Omar Smadi is an Associate Professor in the Department of Civil, Construction, and Environmental Engineering and the Director of Roadway Infrastructure Management and Operations of the Center for Transportation Research and Education (CTRE) at Iowa State University. He recently lead the research program that established the Roadway Information Database for the Second Strategic Highway Research Program, an undertaking that not only involved collecting original data on roadways in six U.S. locations, but also assembling roadway-related data and information from state and local transportation agencies for inclusion in the database which will be available for research use in the future. He also manages InTrans's pavement management research projects, including two long-term pavement management-related projects for the Iowa Department of Transportation. Dr. Smadi also he teaches civil engineering courses in the Department of Civil and Construction Engineering at Iowa State University. He has a Ph.D. and M.S. in Civil Engineering from Iowa State University and a B.S. in Civil Engineering from Yarmouk University in Jordan. He is a member of several technical committees of the Transportation Research Board, the American Society of Civil Engineers, and the International Road Federation.

Events



Location:

Keck Center
500 5th St NW, Washington, DC 20001
Event Type :  
-

Registration for Online Attendance :   
NA

Registration for in Person Attendance :   
NA


If you would like to attend the sessions of this event that are open to the public or need more information please contact

Contact Name:  Claudia Sauls
Contact Email:  csauls@nas.edu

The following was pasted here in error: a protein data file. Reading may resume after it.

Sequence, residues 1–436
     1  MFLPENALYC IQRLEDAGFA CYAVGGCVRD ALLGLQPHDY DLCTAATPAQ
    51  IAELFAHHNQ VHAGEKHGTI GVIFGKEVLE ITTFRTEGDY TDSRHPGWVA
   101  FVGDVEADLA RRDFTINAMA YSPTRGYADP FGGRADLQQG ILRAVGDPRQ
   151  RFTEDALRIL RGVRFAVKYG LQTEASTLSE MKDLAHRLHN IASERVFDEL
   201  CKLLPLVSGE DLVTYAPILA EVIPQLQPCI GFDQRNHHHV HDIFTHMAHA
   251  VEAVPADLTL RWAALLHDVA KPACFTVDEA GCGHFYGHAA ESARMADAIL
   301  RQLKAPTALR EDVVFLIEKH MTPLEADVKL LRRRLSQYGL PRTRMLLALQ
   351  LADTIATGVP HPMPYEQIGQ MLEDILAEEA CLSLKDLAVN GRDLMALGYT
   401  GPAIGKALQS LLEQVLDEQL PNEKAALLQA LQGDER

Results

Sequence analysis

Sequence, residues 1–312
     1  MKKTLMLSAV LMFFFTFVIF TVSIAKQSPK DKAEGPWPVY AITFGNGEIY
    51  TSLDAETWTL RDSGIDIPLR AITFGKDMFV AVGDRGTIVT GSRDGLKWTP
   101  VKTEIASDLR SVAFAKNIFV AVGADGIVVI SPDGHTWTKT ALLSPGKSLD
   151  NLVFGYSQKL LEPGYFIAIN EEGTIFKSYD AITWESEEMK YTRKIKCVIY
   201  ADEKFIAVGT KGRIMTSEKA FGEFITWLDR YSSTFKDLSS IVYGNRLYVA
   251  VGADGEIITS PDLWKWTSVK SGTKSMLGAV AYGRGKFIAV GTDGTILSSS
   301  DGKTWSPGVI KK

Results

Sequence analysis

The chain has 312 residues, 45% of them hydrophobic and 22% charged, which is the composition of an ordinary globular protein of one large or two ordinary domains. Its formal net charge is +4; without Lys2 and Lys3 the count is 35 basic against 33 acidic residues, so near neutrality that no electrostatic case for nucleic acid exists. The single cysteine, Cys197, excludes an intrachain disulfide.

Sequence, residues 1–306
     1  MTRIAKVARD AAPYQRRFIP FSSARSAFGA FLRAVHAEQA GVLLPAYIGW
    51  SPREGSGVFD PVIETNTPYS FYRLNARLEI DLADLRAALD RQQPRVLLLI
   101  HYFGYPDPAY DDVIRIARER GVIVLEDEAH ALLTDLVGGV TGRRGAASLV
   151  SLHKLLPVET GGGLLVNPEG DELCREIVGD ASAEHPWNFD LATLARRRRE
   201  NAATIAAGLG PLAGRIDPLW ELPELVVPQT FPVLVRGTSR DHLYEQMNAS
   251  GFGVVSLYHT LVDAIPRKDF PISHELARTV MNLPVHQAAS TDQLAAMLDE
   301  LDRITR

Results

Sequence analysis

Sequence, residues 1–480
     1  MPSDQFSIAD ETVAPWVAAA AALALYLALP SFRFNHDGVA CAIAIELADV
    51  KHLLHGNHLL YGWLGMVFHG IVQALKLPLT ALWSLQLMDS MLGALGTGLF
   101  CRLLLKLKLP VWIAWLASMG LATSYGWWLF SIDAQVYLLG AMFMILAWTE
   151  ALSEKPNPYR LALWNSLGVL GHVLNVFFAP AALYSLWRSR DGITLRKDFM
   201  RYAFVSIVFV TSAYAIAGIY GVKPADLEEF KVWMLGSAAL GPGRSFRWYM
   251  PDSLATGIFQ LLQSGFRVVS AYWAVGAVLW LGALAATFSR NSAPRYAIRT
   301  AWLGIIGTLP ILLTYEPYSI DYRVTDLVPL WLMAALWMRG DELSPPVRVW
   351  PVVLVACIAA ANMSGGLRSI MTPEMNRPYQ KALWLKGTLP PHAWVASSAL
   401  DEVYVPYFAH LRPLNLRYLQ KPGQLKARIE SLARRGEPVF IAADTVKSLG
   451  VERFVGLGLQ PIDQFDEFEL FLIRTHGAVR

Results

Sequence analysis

Contact Phone:  202-334-2373

Agenda

Committee for the Study of In-Service Performance of W-beam Guardrail End Treatments


Public Meeting, October 18, 2016
Keck Center of the National Academies
500 Fifth Street NW, Washington, DC
Room 209

AGENDA


1:00 Welcome, review of agenda Hugh McGee, Chair
p.m.

1:05 Update on FHWA pilot in-service performance evaluation
(ISPE) of end terminals and other end treatment evaluation Monique Evans,
activities Federal Highway
Administration

1:45 Committee discussion with speaker

2:30 Adjourn
Supporting File(s)
-
Is it a Closed Session Event?
Yes

Closed Session Summary Posted After the Event

The following committee members were present at the closed sessions of the event:

Douglas Gabauer
David Harkey
Douglas Harwood
Steve Kan
Susan Martinovich
Hugh McGee
Priyaranjan Prasad

The following topics were discussed in the closed sessions:

At closed sessions on October 18 and 19, the committee discussed the draft of its report and the work of consultants preparing background papers for the committee.

The following materials (written documents) were made available to the committee in the closed sessions:

None.

Date of posting of Closed Session Summary:
November 01, 2016
Publication(s) resulting from the event:

-


Location:

Keck Center
500 5th St NW, Washington, DC 20001
Event Type :  
-

Registration for Online Attendance :   
NA

Registration for in Person Attendance :   
NA


If you would like to attend the sessions of this event that are open to the public or need more information please contact

Contact Name:  Claudia Sauls
Contact Email:  csauls@nas.edu
Contact Phone:  -

Agenda
Committee for the Study of In-Service Performance of W-beam Guardrail End Treatments

Public Meeting, April 6, 2016
Keck Center of the National Academies
500 Fifth Street NW, Washington, DC
Room 106

AGENDA

10:30 Welcome; review of task statement, meeting objectives,
am and agenda Hugh McGee

10:45 Update on FHWA pilot in-service performance evaluation
(ISPE) of end terminals and other end treatment evaluation Monique Evans,
activities Federal Highway
Administration

11:15 Committee discussion with speaker

12:15 Lunch recess
pm

1:15 Discussion with authors of Paper Topic 1: Examples of state
highway agency practices regarding design, installation,
maintenance, and evaluation of guardrail end treatments

Paper topic and purpose Doug Harwood

Progress and plans Chad Heimbecker,
Swiftwater Solutions
Eric Lohrey, ECL
Engineering
1:45 Committee discussion with authors

2:45 Adjourn
Supporting File(s)
-
Is it a Closed Session Event?
Yes

Closed Session Summary Posted After the Event

The following committee members were present at the closed sessions of the event:

Boyle
Linda
Bryden
James
Gabauer
Douglas
Hallmark
Shauna
Harkey
David
Harwood
Douglas
Kan
Steve
Martinovich
Susan
McGee
Hugh
Prasad
Priyaranjan
Smadi